The University of Edinburgh: Dr John Simpson

In 2003 John Simpson was a young clinical scientist, and Consultant in Respiratory Medicine, doing outstanding work in the Centre for Inflammation Research at the University of Edinburgh. He had an interest in acute lung injury in the Intensive Care Unit and wished to pursue a highly innovative approach towards using cell therapy for the important clinical problem of ventilator-associated pneumonia. His need for funding support to continue his research coincided with the 2003 competition for The Sir Jules Thorn Award for Biomedical Research, and his principals in Edinburgh recognised that the objectives of the Award provided an excellent match with those of John Simpson and his colleagues.

After a demanding competition among a number of medical schools, the University of Edinburgh was awarded a grant of nearly £1 million to enable John Simpson to establish a research group, and undertake his novel research proposal.

The research
Ventilator-associated pneumonia, commonly caused by superbugs is one of a number of acute lung injuries which have an enormous impact on healthcare. They are commonly fatal and no effective drug therapy is available. Simpson's group was interested in developing ways of manipulating the body's own defence mechanisms by which germs are normally removed. The aim of the Simpson proposal was to develop a gene therapy solution to the problem based on monocytes, which are white blood cells that circulate in the bloodstream but can migrate to areas of infection to assist clearance of germs.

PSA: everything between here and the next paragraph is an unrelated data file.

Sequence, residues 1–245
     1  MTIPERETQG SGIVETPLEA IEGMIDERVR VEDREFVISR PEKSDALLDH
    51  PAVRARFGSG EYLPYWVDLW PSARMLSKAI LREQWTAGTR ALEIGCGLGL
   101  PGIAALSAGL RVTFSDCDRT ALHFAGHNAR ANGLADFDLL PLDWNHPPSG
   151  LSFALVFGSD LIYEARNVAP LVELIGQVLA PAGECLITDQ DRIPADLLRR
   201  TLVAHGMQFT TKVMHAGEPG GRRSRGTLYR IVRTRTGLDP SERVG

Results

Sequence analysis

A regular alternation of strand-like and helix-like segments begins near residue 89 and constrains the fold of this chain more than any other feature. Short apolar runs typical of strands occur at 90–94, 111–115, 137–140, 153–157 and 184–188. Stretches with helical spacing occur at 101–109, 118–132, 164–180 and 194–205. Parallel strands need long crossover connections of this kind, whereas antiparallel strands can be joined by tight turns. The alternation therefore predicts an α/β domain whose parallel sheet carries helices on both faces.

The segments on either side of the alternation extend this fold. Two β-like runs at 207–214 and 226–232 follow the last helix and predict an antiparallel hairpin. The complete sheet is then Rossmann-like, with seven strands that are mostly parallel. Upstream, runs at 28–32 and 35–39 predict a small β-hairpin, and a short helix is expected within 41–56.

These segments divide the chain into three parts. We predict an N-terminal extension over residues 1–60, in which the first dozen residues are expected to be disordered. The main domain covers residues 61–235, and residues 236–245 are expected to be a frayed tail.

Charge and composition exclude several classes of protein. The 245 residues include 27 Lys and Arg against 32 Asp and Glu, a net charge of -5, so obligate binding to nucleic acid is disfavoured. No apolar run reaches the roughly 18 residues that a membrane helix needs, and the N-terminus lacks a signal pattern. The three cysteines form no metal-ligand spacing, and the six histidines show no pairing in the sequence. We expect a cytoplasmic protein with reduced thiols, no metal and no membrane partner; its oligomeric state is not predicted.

The outcome
The studies produced a number of significant findings. In particular, in assessing the usefulness of their research approach the group considered it important to examine the biological effects of removing monocytes from the circulation. Their pre-clinical studies found that monocyte depletion produced striking effects by reducing the accumulation of the inflammatory cells, which is characteristic of acute lung injury. The next stage of their work will be a clinical trial based on their findings, which they hope will lead to a ground breaking therapy for this important clinical problem.

How the outcome met the Trust's aims
The research funded by the Award was directly in line with the Trust's aims in that it allowed a talented young scientist to form his own research group and to take his original ideas to the point where translation of his results into clinical benefit to patients is the important next step.